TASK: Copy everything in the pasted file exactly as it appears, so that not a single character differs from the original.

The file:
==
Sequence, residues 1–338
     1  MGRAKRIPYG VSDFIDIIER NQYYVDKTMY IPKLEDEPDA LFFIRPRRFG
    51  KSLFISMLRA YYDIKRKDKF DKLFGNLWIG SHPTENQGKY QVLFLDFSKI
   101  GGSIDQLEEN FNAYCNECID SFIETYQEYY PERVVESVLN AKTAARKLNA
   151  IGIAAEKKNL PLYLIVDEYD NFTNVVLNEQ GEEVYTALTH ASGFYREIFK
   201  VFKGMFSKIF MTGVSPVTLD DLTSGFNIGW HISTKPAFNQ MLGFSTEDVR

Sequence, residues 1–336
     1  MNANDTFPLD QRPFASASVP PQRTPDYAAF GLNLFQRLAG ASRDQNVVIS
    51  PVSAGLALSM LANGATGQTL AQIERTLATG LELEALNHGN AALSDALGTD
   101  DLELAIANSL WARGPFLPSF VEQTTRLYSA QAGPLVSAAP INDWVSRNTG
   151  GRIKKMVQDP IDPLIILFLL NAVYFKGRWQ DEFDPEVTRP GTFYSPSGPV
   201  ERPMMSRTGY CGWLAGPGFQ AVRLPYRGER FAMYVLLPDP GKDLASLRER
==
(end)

Sequence, residues 1–338
     1  MGRAKRIPYG VSDFIDIIER NQYYVDKTMY IPKLEDEPDA LFFIRPRRFG
    51  KSLFISMLRA YYDIKRKDKF DKLFGNLWIG SHPTENQGKY QVLFLDFSKI
   101  GGSIDQLEEN FNAYCNECID SFIETYQEYY PERVVESVLN AKTAARKLNA
   151  IGIAAEKKNL PLYLIVDEYD NFTNVVLNEQ GEEVYTALTH ASGFYREIFK
   201  VFKGMFSKIF MTGVSPVTLD DLTSGFNIGW HISTKPAFNQ MLGFSTEDVR

Sequence, residues 1–336
     1  MNANDTFPLD QRPFASASVP PQRTPDYAAF GLNLFQRLAG ASRDQNVVIS
    51  PVSAGLALSM LANGATGQTL AQIERTLATG LELEALNHGN AALSDALGTD
   101  DLELAIANSL WARGPFLPSF VEQTTRLYSA QAGPLVSAAP INDWVSRNTG
   151  GRIKKMVQDP IDPLIILFLL NAVYFKGRWQ DEFDPEVTRP GTFYSPSGPV
   201  ERPMMSRTGY CGWLAGPGFQ AVRLPYRGER FAMYVLLPDP GKDLASLRER